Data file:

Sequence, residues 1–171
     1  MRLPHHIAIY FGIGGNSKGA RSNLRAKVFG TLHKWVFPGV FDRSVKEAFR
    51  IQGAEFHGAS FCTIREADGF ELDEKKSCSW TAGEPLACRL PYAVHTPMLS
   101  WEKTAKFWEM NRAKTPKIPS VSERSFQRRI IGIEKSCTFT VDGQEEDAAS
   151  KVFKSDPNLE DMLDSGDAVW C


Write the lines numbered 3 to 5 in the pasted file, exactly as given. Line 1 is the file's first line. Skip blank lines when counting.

    51  IQGAEFHGAS FCTIREADGF ELDEKKSCSW TAGEPLACRL PYAVHTPMLS
   101  WEKTAKFWEM NRAKTPKIPS VSERSFQRRI IGIEKSCTFT VDGQEEDAAS
   151  KVFKSDPNLE DMLDSGDAVW C